Published Research Articles:

Chinook Salmon

We have been performing biological research for over 30 years on the state’s landlocked Chinook salmon. Through collaborative research with the Lake Oahe fisheries managers, we have been able to sustain a population of Chinook salmon that would otherwise not be able to live here. Through constant refinement of our techniques, we have discovered ways to streamline the fertilization procedure. For example, we have discovered that milt only remains active to fertilize an egg for up to 30 seconds. Standard knowledge was to allow the milt to soak on the eggs for 2 minutes. Reducing the time milt stays on the eggs has significantly reduced the number of hours people spend fertilizing eggs. Furthermore, we have helped fisheries managers determine the best way to procure salmon for spawning operations. Through collaborative research we have determined that sourcing salmon by electrofishing resulted in reduced egg quality and survival. Also, by building an innovative fish ladder weir, escapement of nearly 40% of fish that had ascended the ladder was effectively reduced to 0%.

     Published Research Articles:

Water Quality/Tempering

To bring the best possible fish return to angler, we constantly perform experiments to refine our methodology. One concern was the fact that the fish we stock will experience different water chemistry parameters compared to the rearing hatchery. Traditional knowledge was to sit at the receiving water bodies edge and slowly temper the fish to the new body of water prior to stocking. This presents a problem to the hatchery in that there is a possibility of transferring a disease or an aquatic invasive species back to the hatchery. Through controlled experimentation we have determined that tempering will not increase survival of our eggs or stocked salmonids.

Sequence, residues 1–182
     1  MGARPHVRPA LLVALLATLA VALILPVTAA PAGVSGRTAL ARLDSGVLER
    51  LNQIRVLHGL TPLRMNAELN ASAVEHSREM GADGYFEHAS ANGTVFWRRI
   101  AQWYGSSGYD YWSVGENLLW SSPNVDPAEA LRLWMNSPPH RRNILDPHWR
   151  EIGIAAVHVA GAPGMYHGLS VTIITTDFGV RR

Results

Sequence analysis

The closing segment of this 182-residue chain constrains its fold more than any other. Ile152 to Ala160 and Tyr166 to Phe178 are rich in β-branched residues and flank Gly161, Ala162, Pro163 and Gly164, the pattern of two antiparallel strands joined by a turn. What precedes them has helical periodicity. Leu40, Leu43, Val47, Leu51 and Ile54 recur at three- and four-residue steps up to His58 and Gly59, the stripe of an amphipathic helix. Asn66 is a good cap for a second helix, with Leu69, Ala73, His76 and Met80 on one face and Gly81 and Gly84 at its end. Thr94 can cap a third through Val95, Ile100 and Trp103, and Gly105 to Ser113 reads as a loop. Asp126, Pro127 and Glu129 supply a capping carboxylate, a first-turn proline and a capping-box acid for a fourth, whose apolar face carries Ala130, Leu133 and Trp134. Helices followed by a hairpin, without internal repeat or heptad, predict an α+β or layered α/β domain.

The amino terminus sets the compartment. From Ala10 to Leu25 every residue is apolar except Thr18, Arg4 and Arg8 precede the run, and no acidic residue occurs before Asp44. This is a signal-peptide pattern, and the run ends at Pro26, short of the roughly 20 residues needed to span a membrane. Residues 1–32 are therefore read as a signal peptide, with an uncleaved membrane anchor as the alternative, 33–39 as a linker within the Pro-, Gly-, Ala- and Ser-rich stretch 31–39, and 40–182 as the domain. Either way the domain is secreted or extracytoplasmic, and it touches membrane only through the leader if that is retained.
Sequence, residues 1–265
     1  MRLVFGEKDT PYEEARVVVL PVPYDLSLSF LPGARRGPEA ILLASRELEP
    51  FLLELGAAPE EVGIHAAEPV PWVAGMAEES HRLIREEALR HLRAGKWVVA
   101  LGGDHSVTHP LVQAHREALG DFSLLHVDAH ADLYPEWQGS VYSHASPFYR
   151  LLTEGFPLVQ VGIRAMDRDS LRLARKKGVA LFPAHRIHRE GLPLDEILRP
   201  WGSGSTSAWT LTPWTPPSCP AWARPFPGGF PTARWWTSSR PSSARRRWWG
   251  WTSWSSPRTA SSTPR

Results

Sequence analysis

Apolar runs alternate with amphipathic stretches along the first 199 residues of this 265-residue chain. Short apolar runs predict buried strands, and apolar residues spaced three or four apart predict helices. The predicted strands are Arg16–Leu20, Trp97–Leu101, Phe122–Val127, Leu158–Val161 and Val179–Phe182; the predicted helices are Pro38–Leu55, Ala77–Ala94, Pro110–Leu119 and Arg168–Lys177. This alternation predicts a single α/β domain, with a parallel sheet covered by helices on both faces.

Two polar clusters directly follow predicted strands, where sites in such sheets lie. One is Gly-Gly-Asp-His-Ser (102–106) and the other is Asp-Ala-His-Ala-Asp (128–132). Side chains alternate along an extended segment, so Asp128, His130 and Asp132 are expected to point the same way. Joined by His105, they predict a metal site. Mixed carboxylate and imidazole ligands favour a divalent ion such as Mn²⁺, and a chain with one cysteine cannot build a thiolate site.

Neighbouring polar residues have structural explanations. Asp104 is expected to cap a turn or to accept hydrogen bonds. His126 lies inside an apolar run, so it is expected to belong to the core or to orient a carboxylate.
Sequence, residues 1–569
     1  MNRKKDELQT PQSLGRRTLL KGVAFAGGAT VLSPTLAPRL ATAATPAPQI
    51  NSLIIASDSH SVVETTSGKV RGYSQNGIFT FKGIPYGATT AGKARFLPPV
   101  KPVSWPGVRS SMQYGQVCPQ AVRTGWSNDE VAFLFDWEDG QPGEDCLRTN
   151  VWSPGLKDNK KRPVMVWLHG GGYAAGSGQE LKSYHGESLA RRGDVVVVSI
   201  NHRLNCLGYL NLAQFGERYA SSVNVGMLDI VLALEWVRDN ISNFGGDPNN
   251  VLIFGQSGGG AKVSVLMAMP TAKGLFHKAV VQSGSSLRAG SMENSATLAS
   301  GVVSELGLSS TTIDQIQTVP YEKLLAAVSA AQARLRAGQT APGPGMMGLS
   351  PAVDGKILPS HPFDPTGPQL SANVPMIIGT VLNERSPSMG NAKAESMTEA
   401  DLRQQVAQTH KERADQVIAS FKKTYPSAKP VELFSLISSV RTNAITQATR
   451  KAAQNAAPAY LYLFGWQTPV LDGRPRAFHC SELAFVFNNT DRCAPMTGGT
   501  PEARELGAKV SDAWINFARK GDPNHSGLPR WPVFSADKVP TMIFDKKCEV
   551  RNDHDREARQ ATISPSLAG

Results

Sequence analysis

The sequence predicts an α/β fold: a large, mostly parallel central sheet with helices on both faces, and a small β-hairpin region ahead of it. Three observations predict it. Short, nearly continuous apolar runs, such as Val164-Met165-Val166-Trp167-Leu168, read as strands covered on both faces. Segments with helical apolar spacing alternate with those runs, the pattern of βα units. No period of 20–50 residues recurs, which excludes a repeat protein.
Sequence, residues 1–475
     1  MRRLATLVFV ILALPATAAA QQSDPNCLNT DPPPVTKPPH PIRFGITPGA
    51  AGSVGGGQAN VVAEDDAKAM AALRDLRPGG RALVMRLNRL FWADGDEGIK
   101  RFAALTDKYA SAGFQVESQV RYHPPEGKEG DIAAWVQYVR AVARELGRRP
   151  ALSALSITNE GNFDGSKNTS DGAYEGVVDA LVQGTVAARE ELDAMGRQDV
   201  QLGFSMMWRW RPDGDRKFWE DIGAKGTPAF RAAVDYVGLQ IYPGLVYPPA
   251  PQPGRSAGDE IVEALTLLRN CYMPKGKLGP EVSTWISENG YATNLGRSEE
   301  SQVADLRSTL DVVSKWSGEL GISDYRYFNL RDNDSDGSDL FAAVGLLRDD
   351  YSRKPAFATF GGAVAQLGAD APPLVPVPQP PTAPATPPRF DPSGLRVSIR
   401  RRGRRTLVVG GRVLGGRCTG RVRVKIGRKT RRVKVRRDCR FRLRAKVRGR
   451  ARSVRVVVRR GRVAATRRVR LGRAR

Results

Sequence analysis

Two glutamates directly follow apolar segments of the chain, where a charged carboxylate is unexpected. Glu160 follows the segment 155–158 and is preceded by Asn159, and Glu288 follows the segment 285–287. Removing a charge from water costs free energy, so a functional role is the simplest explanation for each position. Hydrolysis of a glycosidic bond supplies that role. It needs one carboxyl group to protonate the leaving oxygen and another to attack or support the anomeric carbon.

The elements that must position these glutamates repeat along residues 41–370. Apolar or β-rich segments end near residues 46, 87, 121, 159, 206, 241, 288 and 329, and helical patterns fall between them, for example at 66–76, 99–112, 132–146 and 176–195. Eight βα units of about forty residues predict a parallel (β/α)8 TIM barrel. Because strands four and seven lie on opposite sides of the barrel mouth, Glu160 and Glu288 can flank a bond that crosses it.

Published Research Articles:

Current and Future Research

  • Ammonia control methods for RAS walleye culture
  • Probiotic diets and their effect on Bacterial Coldwater Disease
  • Stocking success of catchable walleye 
  • RAS culture refinements for walleye, largemouth bass, musky, and bluegill
  • Submerged spray bars and their effect on radon levels in the hatchery
  • Otolith microstructure relating to different rearing techniques
  • Walleye egg petri dish culture refinements 
  • Standardization of walleye spawning methods 

What Does This Mean for You?

Hopefully fishermen and women are reaping the rewards of our research. Through a research-based approach to fish rearing, we have been able to substantially increase rainbow trout stocking size in the Black Hills to avoid Northern Pike predation. We are currently researching and refining methods to bring more sunfish and largemouth bass to our urban fisheries. We are researching ways to stock catchable size walleye. Plus, our research-based approach and collaboration with Lake Oahe fisheries managers ensures South Dakotans have Chinook salmon to catch every year.